Robert C. Bowman, M.D.
My view of the problems that we have in medicine in all of the current (and future) major problem areas is that they are related to admissions interacting with education and health policy. This has relevance not just for medicine, but for a nation that selects leaders for its future. Those given the privilege of higher education are the future leaders of our nation. The attitudes of these leaders are shaped from birth and throughout life and are unlikely to be influenced in professional school or the final years leading to such efforts.
Being more professional, being the dedicated person that is most likely to avoid or prevent quality problems, and being the different person who will distribute to primary care, family medicine, rural areas, and poverty primary care is not something that can be trained.
Not only that, but when we put the policies together that attempt to force or enforce professionalism, quality, or academics, we actually frustrate those who are the best physicians or those who would be the best physicians.
We are all experiencing the consequences of other physicians who have not kept faith with the profession. This is not uncommon in human existence. The states with the most standards are the ones that are having the most problems in education, and now the entire nation is suffering under the No Child Left Behind standards. The more standards and laws imposed, the more societal breakdown involved, before, during, and after.
I am more concerned, however, about selections. It is my belief that the "make a difference" type people are the ones most likely to be different in choices involving rural careers or poverty, primary care, or family medicine. I know that all these groups are connected by socioeconomics, overcoming obstacles of income and education, dedication, and different attitudes. Family medicine is the group that depends most upon these humble origin overcoming students.
These humble origin students appear to be eliminated from college and medical school. The students that do make it somehow despite our major education problems in this nation, also have other choices away from the 2 most important areas:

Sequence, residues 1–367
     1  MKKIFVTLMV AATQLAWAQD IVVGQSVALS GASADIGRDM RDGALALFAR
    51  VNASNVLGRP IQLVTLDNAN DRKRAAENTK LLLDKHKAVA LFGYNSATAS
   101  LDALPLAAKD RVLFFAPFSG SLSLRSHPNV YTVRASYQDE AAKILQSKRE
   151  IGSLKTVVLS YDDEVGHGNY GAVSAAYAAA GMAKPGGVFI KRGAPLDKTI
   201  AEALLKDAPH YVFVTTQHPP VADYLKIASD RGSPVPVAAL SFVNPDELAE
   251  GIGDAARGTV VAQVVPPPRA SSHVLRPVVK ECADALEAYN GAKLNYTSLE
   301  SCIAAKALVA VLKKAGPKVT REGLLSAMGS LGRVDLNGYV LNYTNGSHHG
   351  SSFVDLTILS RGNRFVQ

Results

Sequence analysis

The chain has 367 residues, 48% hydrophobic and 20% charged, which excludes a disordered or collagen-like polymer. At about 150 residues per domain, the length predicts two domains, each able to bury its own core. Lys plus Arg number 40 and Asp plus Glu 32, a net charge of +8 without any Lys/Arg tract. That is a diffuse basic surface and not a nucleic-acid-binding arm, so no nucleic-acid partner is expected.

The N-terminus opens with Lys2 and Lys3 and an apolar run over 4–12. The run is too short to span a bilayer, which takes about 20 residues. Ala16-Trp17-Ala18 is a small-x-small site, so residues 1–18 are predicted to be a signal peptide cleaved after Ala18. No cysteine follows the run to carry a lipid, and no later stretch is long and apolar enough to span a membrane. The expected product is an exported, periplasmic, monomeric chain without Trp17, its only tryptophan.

2. health care
Others would add economics to this, but it is increasingly clear that economics depends upon education and health care. The nation recovered from Sputnik, recession, and other areas with education. We also became a much more competitive nation during the 1990s because health care was improved, with improvements in inflation, cost of US goods and services, and more.
How have we changed in education and health?
Changes in our society have greatly limited the primary source of top quality schoolteachers in American, women, especially in the critical early grades. This is not a bad or good thing, just a fact that we have yet to deal with in America. We also do not respect and reward teachers. Teaching is now no longer a viable option for a male or female who is the primary provider in the family. Despite this, we somehow have some teachers, but the nation has yet to realize a major teacher shortage and quality crisis already in place. This will greatly worsen as baby boomer echo increases in students overlap with baby boomer retirement teachers. Just a short time with national education studies will confirm this, or even census data on migration patterns of teachers and state education data.
Because of the education and teacher crisis, it has become imperative for children interested in more than poverty existence to access private schools or to move to the few remaining public schools that do have college prep education. Of course those in poverty cannot afford to move and have little choice regarding the quality or investment in local education. Because these students in rural or inner city areas are the most likely to choose school teaching and family medicine, we have an accelerating cycle involving underserved communities. Poor quality teachers and low income and bad state policies mean poor education outcomes and then fewer who can return to rural and inner city areas, etc. Not only that, but there is a related accelerating cycle. Poor education in a state means greater state inefficiencies in education, health, workforce, insurance, prisons, social costs etc. This means more state dollars that need to be invested in areas other than education. Growth imposes additional demands of roads and infrastructure that hamstring education investments also. Education takes cuts and the brunts of the cuts involve lower income areas which feed into the above cycle. After only a few cycles there is chronic poverty, hopelessness, increased violence, and worse.